New flexible solar cell technology, developed by engineering researchers at McMaster University of Hamilton, Ontario, has been installed in a campus bus shelter to provide power lighting for night-time transit users. The ability to bend the solar cells to fit the curved roof of the bus shelter is one of the main features of the technology.
“Our goal is to provide a clean, affordable power source for bus shelters that will let transit companies run Internet-based scheduling updates,” said Adrian Kitai, professor of Engineering Physics, who guided the project. The flexible solar cell project started as a master’s thesis for Wei Zhang, who subsequently worked as an engineer in the Department of Engineering Physics. The flexibility is achieved by tiling a large number of small silicon elements into an array, mounting them onto a flexible sheet, and connecting them through a proprietary method.
The two solar strips installed on the McMaster bus shelter are about 90 cm long and 12 cm wide. Each strip has 720 one-centimeter square solar cells and generates up to 4.5 Watts of power. A solar strip was mounted at each end of the bus shelter roof and connected to two energy-efficient, multi-LED, light fixtures. Each light fixture uses only 600 milliwatts of power and produces about the same light output as a three watt regular tungsten bulb, or what a small night light would use. The lights are bright enough for easy reading.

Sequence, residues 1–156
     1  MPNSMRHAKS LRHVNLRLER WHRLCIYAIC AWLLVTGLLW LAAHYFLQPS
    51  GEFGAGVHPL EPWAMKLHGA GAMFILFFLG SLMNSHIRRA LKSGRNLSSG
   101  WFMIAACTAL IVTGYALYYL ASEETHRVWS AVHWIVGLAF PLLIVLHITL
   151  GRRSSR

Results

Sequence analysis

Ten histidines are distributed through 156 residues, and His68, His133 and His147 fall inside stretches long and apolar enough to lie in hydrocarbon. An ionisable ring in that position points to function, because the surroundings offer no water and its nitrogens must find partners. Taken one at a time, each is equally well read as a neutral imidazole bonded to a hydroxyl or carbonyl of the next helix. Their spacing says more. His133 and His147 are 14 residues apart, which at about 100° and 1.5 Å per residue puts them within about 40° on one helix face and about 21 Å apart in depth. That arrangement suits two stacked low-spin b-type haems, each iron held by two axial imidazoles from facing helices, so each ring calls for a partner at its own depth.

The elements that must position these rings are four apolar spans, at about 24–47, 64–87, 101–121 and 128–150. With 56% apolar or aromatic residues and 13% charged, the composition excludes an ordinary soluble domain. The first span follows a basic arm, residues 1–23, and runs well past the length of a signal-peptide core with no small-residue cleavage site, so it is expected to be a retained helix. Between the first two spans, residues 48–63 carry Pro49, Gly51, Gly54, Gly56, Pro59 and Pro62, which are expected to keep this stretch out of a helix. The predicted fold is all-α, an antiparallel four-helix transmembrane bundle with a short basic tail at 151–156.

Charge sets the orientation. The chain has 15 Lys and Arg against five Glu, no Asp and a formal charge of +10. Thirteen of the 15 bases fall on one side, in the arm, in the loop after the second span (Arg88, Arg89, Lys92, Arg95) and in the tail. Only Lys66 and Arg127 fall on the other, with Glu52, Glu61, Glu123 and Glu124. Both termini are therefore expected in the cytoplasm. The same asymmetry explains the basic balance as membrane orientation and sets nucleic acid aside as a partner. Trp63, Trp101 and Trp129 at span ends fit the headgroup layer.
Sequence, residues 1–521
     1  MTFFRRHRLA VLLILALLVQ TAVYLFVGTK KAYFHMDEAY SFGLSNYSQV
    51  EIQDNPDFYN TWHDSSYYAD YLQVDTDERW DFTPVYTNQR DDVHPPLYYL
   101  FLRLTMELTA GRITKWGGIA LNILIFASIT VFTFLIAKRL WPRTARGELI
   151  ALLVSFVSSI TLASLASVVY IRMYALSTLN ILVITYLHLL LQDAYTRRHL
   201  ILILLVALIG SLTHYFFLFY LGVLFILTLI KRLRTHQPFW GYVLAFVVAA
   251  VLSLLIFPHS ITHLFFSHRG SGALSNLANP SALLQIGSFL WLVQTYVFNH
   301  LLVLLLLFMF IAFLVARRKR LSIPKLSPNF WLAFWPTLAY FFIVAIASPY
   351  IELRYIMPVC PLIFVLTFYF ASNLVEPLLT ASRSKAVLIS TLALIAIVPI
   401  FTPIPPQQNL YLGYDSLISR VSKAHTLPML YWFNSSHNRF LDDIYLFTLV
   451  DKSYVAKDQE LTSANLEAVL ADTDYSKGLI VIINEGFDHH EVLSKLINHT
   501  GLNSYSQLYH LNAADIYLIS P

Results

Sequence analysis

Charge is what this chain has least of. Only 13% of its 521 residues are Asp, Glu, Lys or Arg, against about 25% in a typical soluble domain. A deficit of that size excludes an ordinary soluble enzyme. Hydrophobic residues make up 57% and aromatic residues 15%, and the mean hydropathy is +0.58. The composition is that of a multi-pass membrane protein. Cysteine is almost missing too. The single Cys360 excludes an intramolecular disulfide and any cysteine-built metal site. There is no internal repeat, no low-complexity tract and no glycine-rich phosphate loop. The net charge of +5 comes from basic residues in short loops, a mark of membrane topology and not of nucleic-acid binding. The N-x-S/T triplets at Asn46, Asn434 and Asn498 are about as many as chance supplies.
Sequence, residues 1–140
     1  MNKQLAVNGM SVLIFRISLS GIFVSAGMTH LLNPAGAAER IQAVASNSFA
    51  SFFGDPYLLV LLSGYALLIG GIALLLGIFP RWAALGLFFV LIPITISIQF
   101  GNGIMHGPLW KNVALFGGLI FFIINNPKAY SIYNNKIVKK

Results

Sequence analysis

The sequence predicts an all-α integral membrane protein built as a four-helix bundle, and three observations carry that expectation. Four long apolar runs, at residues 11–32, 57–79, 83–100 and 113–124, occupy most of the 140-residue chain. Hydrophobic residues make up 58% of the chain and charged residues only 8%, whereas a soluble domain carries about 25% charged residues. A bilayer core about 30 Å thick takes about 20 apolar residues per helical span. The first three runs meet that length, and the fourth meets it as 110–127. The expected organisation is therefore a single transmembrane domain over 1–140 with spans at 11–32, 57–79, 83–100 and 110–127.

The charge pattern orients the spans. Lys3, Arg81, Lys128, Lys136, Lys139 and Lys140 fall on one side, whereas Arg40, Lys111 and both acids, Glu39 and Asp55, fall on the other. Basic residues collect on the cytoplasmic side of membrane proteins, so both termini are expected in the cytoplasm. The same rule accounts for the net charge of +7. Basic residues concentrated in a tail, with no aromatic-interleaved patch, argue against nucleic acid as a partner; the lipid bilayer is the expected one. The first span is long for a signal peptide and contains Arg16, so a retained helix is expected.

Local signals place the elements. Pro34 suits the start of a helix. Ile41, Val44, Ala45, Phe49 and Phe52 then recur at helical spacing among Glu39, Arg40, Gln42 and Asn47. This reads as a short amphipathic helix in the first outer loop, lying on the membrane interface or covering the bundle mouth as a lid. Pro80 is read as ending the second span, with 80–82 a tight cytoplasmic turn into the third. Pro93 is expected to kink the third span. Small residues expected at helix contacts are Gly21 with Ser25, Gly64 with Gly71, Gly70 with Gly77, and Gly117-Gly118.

The solar cells capture sunlight during the day and convert it to electricity to recharge batteries located in each lighting unit. The batteries can hold enough charge to light the shelter for the better part of a night.
The solar cell research team is monitoring the installation to determine how much solar power is required to fully recharge the batteries based on weather conditions. Winter months will be a particular focus as shorter and overcast days, snow and cold can affect the charging ability of the solar cells and batteries.